Work-Life Balance Off Kilter
June 12, 2011 § Leave a comment
I’m throwing a pity party for myself. Bear with me.
My plate is full. Dripping gravy off the side, actually. A sample of what I have going on:
- I’m an editor for a trade magazine. Full time. Travel, writing, managing freelancers and editorial schedules and advertising opps, putting out (a kickass) weekly enewsletter, being a resource 24/7 for my industry, etc etc.
- I am a paid blogger, weekly posts.
- I put in about 16 hours a week managing a series of gardens. Seasonal, but still.
- I’m also a paid podcaster. Twice a month and I’m just the color commentator. But still, it’s about scheduling.
That’s the paid stuff, as meager as it is. On top of that:
- I volunteer for my local garden tour – on the committee, actually.
- I’m on my community garden’s board of directors.
- I’m a die-hard Red Sox fan. That’s three hours a day right there. I know, that’s not a good excuse, but still.
- I run and bake and cook, or at least I try to. When I have the time.
And all I really want to do is that last line. The running and baking and cooking. All I want to do is Dainty.
Get over it, we’re all in the same boat, right? I know that, but why? Because all the work gets us more money which gets us more stuff? That may be true for some people, but not I. My portion of the spoils pays for half the mortgage and monthly bills, and self-employment income tax—that’s about it. So, it’s not about the money. Okay, so maybe it’s about paying the mortgage—banks do like to get paid. But I’m not doing this for the money.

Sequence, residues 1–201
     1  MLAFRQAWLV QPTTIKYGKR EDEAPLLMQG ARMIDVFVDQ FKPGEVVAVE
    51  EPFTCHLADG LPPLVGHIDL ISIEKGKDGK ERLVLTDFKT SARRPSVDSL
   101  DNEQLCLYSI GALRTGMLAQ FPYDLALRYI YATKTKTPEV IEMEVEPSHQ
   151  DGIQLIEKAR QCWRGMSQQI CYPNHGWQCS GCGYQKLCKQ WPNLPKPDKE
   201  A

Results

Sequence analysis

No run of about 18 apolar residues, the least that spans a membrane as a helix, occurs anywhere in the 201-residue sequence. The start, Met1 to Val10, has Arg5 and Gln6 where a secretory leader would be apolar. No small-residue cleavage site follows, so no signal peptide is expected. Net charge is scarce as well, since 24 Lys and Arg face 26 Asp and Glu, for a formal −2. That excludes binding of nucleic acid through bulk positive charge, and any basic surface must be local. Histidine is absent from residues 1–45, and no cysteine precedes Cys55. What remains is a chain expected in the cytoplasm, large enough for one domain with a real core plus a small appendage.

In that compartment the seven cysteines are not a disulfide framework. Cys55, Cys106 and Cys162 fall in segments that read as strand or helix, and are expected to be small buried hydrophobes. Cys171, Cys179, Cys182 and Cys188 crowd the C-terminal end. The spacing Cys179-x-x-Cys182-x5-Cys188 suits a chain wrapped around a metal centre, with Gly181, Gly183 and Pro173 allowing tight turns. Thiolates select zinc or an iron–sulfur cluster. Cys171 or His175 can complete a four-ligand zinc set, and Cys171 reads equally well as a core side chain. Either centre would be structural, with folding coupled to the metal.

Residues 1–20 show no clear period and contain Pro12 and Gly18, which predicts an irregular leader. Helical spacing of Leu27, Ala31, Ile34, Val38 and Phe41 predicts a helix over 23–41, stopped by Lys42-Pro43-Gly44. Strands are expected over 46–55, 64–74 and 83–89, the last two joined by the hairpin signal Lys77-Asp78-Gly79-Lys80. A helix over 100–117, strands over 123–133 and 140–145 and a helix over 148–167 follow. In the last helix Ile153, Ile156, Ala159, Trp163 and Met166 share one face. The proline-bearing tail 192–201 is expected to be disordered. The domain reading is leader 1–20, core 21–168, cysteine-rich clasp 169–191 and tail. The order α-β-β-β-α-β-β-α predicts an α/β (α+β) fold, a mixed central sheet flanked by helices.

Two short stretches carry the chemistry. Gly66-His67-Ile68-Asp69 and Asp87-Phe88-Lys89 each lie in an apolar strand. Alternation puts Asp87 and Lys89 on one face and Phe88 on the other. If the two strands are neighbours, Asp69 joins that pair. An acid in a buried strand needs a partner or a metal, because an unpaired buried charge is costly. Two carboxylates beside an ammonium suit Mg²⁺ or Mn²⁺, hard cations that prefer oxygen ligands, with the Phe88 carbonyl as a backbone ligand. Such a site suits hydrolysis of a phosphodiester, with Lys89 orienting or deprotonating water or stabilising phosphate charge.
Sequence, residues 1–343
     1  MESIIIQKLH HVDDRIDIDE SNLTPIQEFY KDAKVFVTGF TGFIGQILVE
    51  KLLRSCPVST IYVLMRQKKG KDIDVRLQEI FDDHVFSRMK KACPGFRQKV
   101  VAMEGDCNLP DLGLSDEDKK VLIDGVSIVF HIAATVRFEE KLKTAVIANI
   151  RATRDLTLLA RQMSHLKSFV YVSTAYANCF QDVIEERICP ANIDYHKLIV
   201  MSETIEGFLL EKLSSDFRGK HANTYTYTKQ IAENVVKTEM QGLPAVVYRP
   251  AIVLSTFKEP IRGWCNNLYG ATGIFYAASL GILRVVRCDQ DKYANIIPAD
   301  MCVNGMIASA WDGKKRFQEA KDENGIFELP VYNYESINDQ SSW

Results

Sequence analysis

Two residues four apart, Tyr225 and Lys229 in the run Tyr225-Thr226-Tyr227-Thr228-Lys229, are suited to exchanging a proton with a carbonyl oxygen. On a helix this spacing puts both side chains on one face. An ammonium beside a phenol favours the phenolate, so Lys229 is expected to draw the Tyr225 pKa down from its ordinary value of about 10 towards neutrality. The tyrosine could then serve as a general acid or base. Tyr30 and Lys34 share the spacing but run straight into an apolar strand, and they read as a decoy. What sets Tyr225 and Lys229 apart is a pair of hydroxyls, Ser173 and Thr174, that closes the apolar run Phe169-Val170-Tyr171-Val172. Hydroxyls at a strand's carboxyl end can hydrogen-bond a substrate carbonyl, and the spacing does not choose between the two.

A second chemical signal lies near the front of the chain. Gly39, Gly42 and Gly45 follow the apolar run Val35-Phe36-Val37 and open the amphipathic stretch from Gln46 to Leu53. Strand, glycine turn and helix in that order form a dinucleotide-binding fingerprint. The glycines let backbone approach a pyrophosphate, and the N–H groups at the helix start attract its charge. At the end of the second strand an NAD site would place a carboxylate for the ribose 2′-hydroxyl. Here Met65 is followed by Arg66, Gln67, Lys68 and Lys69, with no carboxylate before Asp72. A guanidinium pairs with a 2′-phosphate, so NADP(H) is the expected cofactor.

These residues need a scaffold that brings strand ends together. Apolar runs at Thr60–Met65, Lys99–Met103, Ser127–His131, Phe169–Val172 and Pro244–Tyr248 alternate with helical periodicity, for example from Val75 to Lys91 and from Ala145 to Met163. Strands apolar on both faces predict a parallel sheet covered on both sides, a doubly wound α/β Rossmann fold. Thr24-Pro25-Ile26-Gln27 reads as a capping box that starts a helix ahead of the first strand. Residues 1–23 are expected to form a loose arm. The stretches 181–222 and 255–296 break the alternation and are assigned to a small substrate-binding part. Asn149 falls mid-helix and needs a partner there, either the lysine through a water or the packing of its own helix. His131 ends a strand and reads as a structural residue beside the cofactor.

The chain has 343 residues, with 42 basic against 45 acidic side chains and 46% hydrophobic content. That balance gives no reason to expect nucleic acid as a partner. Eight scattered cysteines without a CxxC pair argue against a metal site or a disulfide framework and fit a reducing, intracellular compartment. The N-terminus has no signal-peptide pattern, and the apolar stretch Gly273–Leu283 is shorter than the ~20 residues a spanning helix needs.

If I’m not doing it for the fortune, it must be for the fame. Ha! Okay, so, when I travel on business, people I don’t even know do come up to me and talk to me like we’re great friends. And that’s only because I appear in their inboxes weekly and mailboxes monthly and Facebook feeds randomly. Is that fame? Nope. It’s kinda nice, but still.
Then I must do it because it’s all easy, right? Wrong. On my daily to-do list, there is at least one thing (who am I kidding? Three things!) that just doesn’t happen. Even remotely. I have so much going on, I can give none of them the quality and respect due to them. Oh boy, and does that stink. My father the farmer, god love him, is and was always saying, “good enough.” The weed-choked garden was good enough. The produce with spots going into the bag for sale, good enough; the plowing job, good enough; the barn in need of repair, good enough. His health, his family, always just good enough. Dear lord, it’s happening to me. Just in order to get it done—and good enough—to move on to the next.
Why am I doing it, then?
That’s a very good question. One I’ve been asking myself a lot lately.
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